Those in the circle know we can’t predict when our feelings will be stirred, when a memory – sweet or bleak – will rise to shoot its trace through our veins. In the same way, we can’t predict when other people will approach to tap directly or indirectly into our pain.
There is a risk in returning to the world while learning how to survive loss: the risk of discovery, of being caught in public in the midst of private pain. Some in the circle don’t ever fully return to the world. It is easier to remain in the shadows, only partially known, never fully accountable for our feelings – or our recovery from loss.
This loss, the loss of a child, is brutal. It is something most only visit through cautionary tales in movie theaters; it is nothing we ever actually expect or even dread. Losing a child is so contrary to the normal course of experience that none of us truly consider it as a possibility. It is always someone else’s sad story. We faithfully tell our children to look both ways before crossing the street and assume it will never happen to us.
But when it happens, it blind-sides us. It takes down our lives, our careers and habits. It tears down our sense of self, distorting our identity, and it damages our sense of trust and faith, sometimes irrevocably.
And this is what we understand. All these things become known. We come to expect certain feelings, certain forced encounters, and we learn the instinct of avoidance, learn the cues of when to take cover. Learning ways to avoid falling into the range of someone else’s grief becomes part of how we survive.
So I was unprepared for the student who approached me after class, the boy with the learning accommodation papers to sign. I had signed such papers before; I knew the drill.
I didn’t know to take cover.
He was diagnosed three years ago. He knew he was “one of the lucky ones.” His sister had provided the bone marrow.
He was jug-earred. I had noticed it earlier but now my eye went to his narrow neck, the sharp jaw. His skeleton, that stark sign of vulnerability, was still visible.
But my own vulnerability was not. It was well hidden as I flatly stated, “You had leukemia.”
By then I had already done the math: He had his transplant the same year Camila had hers. And here he was, a spectral standing before me, holding papers only I could sign.
I spoke the appropriate words and alluded to my understanding. I had been a caregiver to someone who went through a similar illness, I told him. I have an idea of what you’ve gone through, I said. You are a survivor, back in school. I congratulated him. I signed his papers.
As he was leaving, as I turned to erase the white board, complex tears I couldn’t identify blurred my vision. I literally didn’t know what to feel.
I remembered the discussion Camila and I had had about her career: She told me if she couldn’t act, she could direct. If she couldn’t dance, she could choreograph. She would stay in her world of theatre no matter what.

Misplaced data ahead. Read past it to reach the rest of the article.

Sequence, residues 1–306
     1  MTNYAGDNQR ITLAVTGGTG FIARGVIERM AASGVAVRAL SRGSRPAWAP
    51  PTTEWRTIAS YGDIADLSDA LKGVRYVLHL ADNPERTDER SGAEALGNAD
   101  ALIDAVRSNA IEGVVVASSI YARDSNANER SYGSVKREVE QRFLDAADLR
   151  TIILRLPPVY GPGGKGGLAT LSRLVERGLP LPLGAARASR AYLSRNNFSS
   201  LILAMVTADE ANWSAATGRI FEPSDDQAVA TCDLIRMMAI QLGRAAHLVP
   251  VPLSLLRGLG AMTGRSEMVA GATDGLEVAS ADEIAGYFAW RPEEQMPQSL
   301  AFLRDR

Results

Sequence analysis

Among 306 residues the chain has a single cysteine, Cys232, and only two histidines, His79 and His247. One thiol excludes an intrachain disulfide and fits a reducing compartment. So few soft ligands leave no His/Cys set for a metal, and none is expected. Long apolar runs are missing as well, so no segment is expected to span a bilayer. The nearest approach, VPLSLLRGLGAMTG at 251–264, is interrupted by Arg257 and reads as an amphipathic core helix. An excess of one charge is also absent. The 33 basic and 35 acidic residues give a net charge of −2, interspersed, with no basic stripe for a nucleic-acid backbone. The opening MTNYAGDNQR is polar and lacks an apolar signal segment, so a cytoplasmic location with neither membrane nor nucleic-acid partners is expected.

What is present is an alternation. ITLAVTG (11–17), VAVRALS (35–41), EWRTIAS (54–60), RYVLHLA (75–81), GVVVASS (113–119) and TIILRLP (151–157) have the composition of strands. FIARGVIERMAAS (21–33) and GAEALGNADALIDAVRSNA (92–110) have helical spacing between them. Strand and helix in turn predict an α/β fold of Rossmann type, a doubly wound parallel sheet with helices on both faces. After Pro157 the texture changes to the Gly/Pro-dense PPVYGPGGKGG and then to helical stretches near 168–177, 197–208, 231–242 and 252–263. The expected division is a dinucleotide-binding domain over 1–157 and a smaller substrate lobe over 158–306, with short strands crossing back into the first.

Then, in that empty classroom, all of her suffering came flooding into my mind: the pain, the procedures, and the pills. All the pills.
And in the midst of this flood came my daughter’s face: cool, calm, composed. She was simply herself, her strong self.
I was not prepared for her death. Imagine that: While she was in the hospital going through a hail-Mary cord-blood transplant, we kept walking together every day, laughing and talking and planning. We filled her hospital room with hope and we never doubted her ability to survive.
I was never thinking of life without her, never wondering if I would lose her. I could not, I reasoned, so I would not.
I was as unprepared for her death as I could possibly have been, more unprepared than seemed likely. We had been fighting death on a daily basis, after all. We were toned, honed in, focused and fighting a deliberate fight every day. We became so accustomed to the horrors that we nearly came to scoff at them.
When I walked back into the classroom, I found a part of myself again, a familiar axis. But it has brought me a new lesson: As I am concentrating on survival, it is reminding me of something more. Life is not, after all, simply an act of survival. It is an on-going act of engagement.
After the board was erased, I gathered my books and headed toward the door. Just before leaving, I turned to scan the classroom. This was my portal back into the world. What were the chances that the world would so soon demand I face some other mother’s child who had survived?
This whole time, as I have quietly constructed my survival, as I have carefully chosen my turns and found my path – this whole time, life was coming toward me, having its own calendar and its own agenda. I am neither a fatalist nor a person of faith. I believe in only one thing: The power of the human spirit. I saw it in my girl, in her finest moments as a human being. And sometimes, if I’m being honest, I see it in myself. I have the power to survive – and life, it seems, is ready to remind me of the common bonds of experience and our capacity to care.